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The Guardian/UK

Water Not War

Peter Tatchell

More than 1 billion people on our planet are forced to drink foul, infected water, which has killed at least 22 million people in the last decade. They could all have safe, clean water within 10 years, for just a tiny fraction of the cost of global military spending. Why isn't it happening?

Most governments, especially rich white ones, would apparently rather buy weapons to kill other human beings than build water facilities to save the lives of black, brown and yellow poor people.

According to the Stockholm international peace research institute, in 2006 total global military expenditure topped $1.2tn; with the US accounting for $528.7bn of this spending and the UK for $59.2bn.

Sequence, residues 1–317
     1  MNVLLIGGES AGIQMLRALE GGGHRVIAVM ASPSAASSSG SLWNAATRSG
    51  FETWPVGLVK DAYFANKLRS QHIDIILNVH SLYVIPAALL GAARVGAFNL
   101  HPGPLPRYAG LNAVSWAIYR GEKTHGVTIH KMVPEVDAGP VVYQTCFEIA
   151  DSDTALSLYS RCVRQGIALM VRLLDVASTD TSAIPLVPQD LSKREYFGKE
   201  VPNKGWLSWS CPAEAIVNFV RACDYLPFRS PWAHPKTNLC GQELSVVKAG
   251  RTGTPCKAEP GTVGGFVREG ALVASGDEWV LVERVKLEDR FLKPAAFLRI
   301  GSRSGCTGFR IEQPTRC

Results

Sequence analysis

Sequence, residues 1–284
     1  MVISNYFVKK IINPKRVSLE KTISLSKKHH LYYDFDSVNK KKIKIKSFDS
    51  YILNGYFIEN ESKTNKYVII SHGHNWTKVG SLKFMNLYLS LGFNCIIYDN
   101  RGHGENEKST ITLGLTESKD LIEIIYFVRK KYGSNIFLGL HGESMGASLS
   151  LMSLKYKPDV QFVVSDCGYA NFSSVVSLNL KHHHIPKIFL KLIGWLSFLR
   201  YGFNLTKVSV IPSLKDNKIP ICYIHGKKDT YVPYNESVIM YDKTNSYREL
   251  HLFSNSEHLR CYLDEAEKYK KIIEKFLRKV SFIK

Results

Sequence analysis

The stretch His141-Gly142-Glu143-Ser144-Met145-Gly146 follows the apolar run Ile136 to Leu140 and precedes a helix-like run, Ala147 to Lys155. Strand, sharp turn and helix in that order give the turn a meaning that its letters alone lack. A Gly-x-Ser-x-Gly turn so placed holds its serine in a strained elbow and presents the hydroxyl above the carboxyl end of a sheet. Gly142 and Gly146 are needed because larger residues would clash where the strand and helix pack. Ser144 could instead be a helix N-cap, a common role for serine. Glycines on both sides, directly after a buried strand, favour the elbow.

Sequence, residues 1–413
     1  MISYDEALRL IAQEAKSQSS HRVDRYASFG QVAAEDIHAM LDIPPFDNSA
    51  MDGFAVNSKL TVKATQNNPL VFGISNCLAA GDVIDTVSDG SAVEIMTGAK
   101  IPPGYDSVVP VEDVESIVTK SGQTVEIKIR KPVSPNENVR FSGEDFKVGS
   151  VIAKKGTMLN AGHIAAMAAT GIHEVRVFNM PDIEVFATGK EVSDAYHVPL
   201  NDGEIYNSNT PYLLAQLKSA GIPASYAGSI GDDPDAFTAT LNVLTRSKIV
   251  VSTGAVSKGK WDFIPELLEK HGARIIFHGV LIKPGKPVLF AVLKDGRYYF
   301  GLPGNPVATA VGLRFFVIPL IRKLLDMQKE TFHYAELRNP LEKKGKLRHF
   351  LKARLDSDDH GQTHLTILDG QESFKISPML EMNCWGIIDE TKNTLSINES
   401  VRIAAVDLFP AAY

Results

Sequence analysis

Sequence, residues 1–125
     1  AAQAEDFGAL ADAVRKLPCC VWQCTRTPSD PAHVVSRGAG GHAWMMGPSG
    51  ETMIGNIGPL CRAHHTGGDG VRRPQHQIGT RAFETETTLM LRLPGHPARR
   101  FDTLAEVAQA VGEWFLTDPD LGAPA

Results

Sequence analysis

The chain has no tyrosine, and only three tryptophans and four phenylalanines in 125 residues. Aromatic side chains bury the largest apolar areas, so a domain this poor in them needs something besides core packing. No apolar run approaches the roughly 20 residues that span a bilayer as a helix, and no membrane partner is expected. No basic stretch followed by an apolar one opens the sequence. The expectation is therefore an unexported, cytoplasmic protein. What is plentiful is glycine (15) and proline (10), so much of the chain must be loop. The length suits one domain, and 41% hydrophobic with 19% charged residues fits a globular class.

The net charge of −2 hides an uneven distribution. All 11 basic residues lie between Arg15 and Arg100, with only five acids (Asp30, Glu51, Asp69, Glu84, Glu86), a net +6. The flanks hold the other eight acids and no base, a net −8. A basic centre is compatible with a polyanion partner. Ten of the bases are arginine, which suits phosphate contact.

At a cost of about 5% of the world's military budgets, over a period of 10 years clean, safe water could be provided to every person on earth. But this won't happen because while the poor are deprived, the rich are depraved.

Mega-rich individuals, corporations and nations rule the world. They worship the false idols of celebrity, money, profits, consumerism, speculation and conspicuous consumption. Love, compassion, mercy and human solidarity are largely alien ideals in the ruthless, cut-throat world of free markets and stockmarkets. The super-wealthy know the price of everything and the value of nothing. People are commodities, just like sacks of maize or barrels of oil. Human needs are not important. Money is everything, and since the poor don't have it, they are held in contempt. Hundreds of millions of non-white people are condemned to drink muddy, stinking water. If the have-a-lots care, they don't show it. Their unspoken message seems to be: let them drink shit.